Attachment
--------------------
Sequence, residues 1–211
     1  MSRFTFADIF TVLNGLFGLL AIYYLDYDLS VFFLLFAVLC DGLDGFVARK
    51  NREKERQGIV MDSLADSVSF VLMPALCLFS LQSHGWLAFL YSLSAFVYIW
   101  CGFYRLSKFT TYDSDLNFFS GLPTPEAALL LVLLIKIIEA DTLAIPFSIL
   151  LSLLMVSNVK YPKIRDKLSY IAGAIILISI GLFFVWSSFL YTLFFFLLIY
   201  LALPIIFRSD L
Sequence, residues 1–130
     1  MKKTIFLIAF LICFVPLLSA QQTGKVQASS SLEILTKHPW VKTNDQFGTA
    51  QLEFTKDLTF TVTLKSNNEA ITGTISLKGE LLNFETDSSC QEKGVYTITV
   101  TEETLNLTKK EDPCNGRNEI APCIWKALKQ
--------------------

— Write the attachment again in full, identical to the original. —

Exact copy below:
Sequence, residues 1–211
     1  MSRFTFADIF TVLNGLFGLL AIYYLDYDLS VFFLLFAVLC DGLDGFVARK
    51  NREKERQGIV MDSLADSVSF VLMPALCLFS LQSHGWLAFL YSLSAFVYIW
   101  CGFYRLSKFT TYDSDLNFFS GLPTPEAALL LVLLIKIIEA DTLAIPFSIL
   151  LSLLMVSNVK YPKIRDKLSY IAGAIILISI GLFFVWSSFL YTLFFFLLIY
   201  LALPIIFRSD L
Sequence, residues 1–130
     1  MKKTIFLIAF LICFVPLLSA QQTGKVQASS SLEILTKHPW VKTNDQFGTA
    51  QLEFTKDLTF TVTLKSNNEA ITGTISLKGE LLNFETDSSC QEKGVYTITV
   101  TEETLNLTKK EDPCNGRNEI APCIWKALKQ